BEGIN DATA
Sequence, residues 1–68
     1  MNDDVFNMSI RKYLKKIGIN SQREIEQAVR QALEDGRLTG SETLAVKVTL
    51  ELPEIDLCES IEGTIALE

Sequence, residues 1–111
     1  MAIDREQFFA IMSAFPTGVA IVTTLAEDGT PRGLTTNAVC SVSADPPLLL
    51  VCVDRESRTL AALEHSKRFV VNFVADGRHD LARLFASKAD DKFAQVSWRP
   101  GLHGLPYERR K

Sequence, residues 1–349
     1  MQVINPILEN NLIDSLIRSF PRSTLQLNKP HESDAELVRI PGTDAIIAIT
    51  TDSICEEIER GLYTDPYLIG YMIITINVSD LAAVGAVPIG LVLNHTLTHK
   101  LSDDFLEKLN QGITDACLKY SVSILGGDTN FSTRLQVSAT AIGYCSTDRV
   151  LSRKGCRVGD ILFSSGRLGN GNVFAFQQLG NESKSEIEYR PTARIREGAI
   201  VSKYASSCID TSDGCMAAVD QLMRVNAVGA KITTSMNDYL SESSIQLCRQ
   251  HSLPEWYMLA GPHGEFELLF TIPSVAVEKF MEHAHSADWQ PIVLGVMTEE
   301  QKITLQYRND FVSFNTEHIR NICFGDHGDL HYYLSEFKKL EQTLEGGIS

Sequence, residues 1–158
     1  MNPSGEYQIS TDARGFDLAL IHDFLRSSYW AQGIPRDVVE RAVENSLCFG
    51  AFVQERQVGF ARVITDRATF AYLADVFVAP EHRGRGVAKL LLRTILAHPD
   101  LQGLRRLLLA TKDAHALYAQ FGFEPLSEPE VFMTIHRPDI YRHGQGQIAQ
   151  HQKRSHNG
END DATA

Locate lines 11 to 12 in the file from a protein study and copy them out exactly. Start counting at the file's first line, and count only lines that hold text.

   101  LSDDFLEKLN QGITDACLKY SVSILGGDTN FSTRLQVSAT AIGYCSTDRV
   151  LSRKGCRVGD ILFSSGRLGN GNVFAFQQLG NESKSEIEYR PTARIREGAI